Northbrook businessman gets 10 years for fraud
Updated: February 25, 2013 6:19AM
NORTHBROOK — A Glencoe man who ran a now-defunct sleep-disorder business in Northbrook was sentenced Thursday to 10 years in federal prison for fraudulently obtaining more than $4 million from 51 investors.
Kenneth A. Dachman pleaded guilty in October to 11 counts of wire fraud, according to Randall Samborn, spokesman for the U.S. Attorney’s Office in Chicago.
“His business was not sleep apnea but putting money in his pocket,” U.S. District Judge James Zagel said in announcing the sentence.
Randall said federal prosecutors showed Dachman used at least $2 million of funds from investors and the companies to benefit himself and his family.
Dachman, 52, of Glencoe and formerly of Lake Forest, was ordered to pay restitution and forfeiture totaling more than $4 million by U.S. District Judge James Zagel. Dachman also was sentenced to three years of supervised release after his release.
A hearing was set for Jan. 30 to decide when Dachman will begin serving his sentence.
Dachman operated Central Sleep Diagnostics LLC, which was supposed to treat sleep apnea and sleep-related illnesses by conducting diagnostic studies in a patient’s home instead of a hospital or a clinic, and Advanced Sleep Devices LLC, which purported to sell equipment used to treat sleep disorders to patients.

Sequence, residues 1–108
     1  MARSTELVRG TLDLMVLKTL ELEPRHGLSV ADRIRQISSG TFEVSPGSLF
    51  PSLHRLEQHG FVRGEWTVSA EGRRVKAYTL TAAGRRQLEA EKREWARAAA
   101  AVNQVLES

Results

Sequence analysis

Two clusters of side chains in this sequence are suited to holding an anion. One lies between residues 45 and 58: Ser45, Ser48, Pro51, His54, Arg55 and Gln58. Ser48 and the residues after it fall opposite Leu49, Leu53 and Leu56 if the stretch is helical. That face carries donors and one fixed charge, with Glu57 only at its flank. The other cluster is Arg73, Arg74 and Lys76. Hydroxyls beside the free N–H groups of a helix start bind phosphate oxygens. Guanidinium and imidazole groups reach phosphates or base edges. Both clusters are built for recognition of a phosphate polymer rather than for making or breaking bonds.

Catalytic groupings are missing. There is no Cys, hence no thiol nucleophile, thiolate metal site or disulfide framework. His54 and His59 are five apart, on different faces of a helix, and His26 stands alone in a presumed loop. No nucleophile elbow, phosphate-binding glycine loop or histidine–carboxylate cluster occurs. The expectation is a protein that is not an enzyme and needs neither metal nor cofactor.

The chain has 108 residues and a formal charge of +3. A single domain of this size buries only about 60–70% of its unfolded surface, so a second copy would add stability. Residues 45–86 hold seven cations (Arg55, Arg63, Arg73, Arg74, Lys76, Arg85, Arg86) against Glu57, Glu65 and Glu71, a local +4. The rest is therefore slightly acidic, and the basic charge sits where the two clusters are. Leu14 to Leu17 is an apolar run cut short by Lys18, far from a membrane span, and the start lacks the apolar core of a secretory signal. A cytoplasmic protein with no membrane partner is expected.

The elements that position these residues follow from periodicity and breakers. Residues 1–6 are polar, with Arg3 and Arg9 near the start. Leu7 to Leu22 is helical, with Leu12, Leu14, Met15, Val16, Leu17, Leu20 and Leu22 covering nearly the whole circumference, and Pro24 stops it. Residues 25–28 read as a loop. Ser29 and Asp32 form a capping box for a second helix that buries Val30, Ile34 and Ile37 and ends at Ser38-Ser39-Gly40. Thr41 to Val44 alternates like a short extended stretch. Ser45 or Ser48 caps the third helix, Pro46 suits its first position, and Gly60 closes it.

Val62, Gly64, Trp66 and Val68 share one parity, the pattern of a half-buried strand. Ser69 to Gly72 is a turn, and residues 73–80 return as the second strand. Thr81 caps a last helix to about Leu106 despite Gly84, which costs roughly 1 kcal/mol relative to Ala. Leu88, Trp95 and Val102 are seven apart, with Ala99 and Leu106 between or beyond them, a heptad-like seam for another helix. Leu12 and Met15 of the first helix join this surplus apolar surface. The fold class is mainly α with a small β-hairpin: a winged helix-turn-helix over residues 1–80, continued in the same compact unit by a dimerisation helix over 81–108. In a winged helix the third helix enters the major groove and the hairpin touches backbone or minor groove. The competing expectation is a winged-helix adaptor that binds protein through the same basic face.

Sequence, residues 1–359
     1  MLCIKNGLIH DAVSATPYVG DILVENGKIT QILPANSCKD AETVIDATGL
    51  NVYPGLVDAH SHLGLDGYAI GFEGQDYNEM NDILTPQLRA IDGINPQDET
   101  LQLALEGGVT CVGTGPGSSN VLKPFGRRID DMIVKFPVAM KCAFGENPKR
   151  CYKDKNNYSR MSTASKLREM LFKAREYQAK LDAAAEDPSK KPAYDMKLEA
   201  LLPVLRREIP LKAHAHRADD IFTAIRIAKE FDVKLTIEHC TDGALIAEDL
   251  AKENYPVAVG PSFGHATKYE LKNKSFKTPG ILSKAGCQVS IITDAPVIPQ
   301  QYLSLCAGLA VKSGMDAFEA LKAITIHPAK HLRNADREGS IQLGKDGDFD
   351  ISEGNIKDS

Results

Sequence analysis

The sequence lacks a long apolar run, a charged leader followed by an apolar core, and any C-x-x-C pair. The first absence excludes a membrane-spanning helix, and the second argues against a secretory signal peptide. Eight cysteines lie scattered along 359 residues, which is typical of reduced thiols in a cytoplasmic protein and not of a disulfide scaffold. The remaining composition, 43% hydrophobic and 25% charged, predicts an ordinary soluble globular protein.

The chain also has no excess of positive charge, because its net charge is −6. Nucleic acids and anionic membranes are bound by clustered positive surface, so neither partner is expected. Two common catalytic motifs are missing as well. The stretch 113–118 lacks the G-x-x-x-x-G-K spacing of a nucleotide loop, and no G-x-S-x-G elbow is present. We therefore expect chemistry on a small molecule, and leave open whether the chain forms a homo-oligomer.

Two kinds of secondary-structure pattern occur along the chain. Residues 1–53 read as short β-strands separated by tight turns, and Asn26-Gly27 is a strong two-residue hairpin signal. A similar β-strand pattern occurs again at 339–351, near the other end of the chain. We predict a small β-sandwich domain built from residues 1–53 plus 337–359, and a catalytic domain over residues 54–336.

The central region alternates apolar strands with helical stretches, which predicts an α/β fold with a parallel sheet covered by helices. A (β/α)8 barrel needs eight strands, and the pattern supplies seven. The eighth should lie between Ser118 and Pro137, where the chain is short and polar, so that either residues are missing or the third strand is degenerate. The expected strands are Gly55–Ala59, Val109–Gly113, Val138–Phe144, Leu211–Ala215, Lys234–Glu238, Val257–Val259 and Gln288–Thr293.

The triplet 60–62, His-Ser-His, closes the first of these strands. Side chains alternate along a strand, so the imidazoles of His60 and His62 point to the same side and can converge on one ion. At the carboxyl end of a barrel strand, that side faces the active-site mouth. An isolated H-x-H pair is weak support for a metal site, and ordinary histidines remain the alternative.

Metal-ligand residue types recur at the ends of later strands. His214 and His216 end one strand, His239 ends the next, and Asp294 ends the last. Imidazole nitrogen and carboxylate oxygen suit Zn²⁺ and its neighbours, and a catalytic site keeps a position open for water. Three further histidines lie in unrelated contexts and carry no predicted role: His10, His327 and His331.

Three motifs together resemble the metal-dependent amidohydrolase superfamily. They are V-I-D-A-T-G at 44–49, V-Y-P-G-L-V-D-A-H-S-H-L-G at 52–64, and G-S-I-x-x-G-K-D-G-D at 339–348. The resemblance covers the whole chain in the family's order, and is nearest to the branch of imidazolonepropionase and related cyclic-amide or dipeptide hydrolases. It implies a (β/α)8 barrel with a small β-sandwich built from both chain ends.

He also operated Key Partners LLC to handle marketing for both businesses.
Between June 2008 and September 2010, Dachman misrepresented to investors what the money would be used for, the expected return on and risks involved in investments, his business background, the financial condition of Central Sleep and Advanced Sleep and the status of investments, Samborn said.
Instead of using the money to operate the businesses, Dachman used a significant amount of the investors’ funds to buy a two-acre mansion in Lake Forest; operate a tattoo parlor in Chicago co-owned by his son-in-law; pay for vacations and cruises for himself and his family to Italy, Nevada, Florida and Alaska; buy a sport utility vehicle; fund personal gambling in Las Vegas and stock trading; and to buy rare books and antiques.